40-Minute HIIT Running Workout
Want to See Changes in Your Body? Running Coaches Recommend This 40-Minute HIIT Workout
If you're looking to get lean and lose weight, David Chesworth, ACSM-certified personal trainer and wellness coach at Hilton Head Health, told POPSUGAR that a combination of high-intensity interval training (HIIT) and diet can help with weight loss, especially with reducing belly fat.
ACE-certified trainer John Kersbergen added, "The most efficient way to get results is to do some form of HIIT for a total-body workout." And no need to suffer for hours at the gym. John said, "The whole workout, including warmup, doesn't need to be more than 45 minutes to be effective." He added that three to four times a week is enough.
While many HIIT workouts involve strength-training moves, you can also do HIIT workouts with just cardio. Since running is such a popular form of cardio, we asked Cortney Logan and Alexandra Weissner, both Road Runners Club of America (RRCA)-certified running coaches and founders of bRUNch Running, to share a 40-minute running HIIT workout you can do inside or outside.
"Running is great for weight loss and amazing cardio exercise," they explained, and hills, sprints, and intervals are effective if you want to see changes in your body. For those who are already comfortable running, they suggest the following plan. Here's what to think about for the paces mentioned in the chart:
Conversation pace: A pace at which you can move while having a conversation. If you are running solo, try singing along to your music to check your pace. If you are running with a friend, chat it up. If you start to feel breathless, slow down your pace.
Two minutes faster than conversation pace: This is where you want to start feeling breathless. You are breathing harder and you can still get a few words out but you can't speak in complete sentences.
Sprint: This is your all-out pace! Dig deep and pretend to be Olympian Emma Coburn. You should be completely breathless at this point and feel like you are flying over the ground.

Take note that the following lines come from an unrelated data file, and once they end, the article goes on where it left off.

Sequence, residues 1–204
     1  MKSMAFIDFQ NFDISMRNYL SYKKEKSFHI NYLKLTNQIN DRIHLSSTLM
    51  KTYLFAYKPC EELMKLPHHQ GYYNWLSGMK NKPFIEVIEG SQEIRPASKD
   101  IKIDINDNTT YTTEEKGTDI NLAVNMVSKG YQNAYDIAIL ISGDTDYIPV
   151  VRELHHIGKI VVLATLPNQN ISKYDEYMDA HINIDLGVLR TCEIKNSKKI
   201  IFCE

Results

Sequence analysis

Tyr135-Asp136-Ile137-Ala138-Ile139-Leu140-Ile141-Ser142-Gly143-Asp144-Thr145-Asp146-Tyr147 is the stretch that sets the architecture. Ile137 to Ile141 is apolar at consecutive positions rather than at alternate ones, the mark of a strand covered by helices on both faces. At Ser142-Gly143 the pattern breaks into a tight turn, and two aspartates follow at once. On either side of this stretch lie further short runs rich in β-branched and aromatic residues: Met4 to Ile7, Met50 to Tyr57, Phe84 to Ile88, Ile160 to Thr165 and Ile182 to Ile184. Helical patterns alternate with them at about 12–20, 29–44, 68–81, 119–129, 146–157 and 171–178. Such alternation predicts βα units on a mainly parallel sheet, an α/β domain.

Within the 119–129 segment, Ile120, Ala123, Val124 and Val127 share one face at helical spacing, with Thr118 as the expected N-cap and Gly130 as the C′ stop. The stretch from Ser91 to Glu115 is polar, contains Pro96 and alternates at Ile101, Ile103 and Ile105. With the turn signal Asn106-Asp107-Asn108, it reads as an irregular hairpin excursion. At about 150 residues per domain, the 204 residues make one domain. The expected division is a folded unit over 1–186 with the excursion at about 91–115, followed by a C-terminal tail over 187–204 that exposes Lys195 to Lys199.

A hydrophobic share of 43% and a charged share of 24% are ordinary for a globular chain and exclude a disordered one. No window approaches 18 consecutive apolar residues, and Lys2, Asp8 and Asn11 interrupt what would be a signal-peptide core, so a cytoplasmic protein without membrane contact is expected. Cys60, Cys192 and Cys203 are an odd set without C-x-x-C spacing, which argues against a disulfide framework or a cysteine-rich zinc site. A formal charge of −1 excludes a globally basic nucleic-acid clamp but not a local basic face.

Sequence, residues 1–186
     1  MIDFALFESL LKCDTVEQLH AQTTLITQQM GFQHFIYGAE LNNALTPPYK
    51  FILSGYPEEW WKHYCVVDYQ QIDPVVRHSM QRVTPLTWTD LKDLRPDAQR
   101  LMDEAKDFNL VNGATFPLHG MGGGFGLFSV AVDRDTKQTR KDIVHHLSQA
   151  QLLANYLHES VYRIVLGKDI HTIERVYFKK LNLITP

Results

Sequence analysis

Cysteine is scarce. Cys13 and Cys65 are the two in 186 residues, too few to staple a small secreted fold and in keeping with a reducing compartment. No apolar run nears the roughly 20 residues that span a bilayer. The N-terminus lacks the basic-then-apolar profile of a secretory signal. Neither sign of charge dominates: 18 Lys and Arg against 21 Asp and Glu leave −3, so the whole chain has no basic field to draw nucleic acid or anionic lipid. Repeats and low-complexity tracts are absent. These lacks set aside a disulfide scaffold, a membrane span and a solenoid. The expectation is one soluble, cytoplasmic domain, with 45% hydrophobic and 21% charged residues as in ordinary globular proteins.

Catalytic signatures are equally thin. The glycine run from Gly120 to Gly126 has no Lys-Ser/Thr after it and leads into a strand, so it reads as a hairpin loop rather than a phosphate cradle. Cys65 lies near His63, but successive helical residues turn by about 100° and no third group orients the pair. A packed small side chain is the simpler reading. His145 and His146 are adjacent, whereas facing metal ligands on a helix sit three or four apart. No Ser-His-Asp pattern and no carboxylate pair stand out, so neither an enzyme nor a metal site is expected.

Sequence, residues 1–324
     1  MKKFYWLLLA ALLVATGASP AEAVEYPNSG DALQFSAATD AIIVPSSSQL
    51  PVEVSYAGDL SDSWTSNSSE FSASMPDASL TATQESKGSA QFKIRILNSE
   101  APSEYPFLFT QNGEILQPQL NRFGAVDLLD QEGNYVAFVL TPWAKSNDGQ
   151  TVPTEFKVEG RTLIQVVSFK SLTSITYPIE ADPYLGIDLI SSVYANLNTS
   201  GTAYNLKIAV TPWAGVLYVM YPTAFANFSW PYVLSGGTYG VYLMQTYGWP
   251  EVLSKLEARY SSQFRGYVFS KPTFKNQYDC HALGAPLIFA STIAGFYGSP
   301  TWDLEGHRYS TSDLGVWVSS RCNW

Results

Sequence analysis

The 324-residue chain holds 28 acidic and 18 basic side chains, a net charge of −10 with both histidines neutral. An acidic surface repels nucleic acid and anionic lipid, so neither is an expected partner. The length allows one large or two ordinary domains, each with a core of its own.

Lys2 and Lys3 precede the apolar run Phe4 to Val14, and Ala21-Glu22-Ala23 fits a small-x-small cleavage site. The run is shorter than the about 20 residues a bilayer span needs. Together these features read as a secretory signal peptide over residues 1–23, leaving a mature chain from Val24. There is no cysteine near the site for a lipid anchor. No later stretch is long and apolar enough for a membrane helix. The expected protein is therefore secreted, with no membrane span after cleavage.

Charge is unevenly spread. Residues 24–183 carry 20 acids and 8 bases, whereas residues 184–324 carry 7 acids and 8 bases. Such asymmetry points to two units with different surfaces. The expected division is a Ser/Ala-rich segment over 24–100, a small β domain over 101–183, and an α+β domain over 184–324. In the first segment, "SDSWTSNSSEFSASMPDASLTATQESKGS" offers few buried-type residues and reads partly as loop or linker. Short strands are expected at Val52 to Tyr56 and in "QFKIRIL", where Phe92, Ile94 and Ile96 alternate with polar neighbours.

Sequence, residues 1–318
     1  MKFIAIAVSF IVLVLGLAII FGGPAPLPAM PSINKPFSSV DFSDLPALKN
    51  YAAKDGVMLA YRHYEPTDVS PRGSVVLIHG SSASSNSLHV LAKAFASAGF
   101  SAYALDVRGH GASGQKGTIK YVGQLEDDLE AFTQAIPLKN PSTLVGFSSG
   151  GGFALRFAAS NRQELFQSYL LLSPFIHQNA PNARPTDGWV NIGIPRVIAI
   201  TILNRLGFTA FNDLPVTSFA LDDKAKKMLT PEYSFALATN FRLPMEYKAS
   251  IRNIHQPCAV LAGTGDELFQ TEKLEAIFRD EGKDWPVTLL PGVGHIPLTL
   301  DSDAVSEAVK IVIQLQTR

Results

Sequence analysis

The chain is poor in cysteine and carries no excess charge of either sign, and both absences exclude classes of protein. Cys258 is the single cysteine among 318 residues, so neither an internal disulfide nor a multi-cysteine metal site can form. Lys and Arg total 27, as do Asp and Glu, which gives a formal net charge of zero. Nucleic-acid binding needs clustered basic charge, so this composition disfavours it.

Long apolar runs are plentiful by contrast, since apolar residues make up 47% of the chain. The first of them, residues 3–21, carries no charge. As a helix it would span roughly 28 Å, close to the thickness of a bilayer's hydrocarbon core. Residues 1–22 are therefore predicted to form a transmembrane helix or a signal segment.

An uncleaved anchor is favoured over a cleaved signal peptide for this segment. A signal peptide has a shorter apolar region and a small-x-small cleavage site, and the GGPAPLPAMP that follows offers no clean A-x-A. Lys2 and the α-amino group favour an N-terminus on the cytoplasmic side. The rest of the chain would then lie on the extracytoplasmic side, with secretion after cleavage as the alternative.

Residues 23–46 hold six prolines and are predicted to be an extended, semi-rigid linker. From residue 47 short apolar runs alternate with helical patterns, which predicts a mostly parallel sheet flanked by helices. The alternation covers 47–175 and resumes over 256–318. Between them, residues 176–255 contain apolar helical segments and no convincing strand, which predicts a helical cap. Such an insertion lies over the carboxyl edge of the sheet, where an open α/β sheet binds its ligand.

If you're new to running, I've included example paces in the last column, so you can glance at the treadmill or your smart watch to be mindful of how fast you're moving. If those feel too fast, slow down the pace and walk when you need to. If you want to make it harder, go faster than the pace suggested below, or add hills during the sprinting segment.
40-Minute HIIT Running Workout
Directions: After warming up with a brisk five-minute walk, complete the below workout, followed by a five-minute walk to cool down.
|0:00-10:00||Conversation pace||5 mph (12 min/mile)|
|10:01-12:00||Two minutes faster than conversation pace||6 mph (10 min/mile)|
|12:01-15:00||Recovery at conversation pace||5 mph (12 min/mile)|
|15:01-16:00||Sprint||7 mph (8:34 min/mile pace)|
|16:01-17:30||Recovery at conversation pace||5 mph (12 min/mile)|
|17:31-19:30||Two minutes faster than conversation pace||6 mph (10 min/mile)|
|19:31-22:30||Recovery at conversation pace||5 mph (12 min/mile)|
|22:31-23:30||Sprint||7 mph (8:34 min/mile pace)|
|23:31-25:00||Recovery at conversation pace||5 mph (12 min/mile)|
|25:01 -27:00||Two minutes faster than conversation pace||6 mph (10 min/mile)|
|27:01-30:00||Recovery at conversation pace||5 mph (12 min/mile)|
|30:01-31:00||Sprint||7 mph (8:34 min/mile pace)|
|31:01-41:00||Recovery at conversation pace||5 mph (12 min/mile)|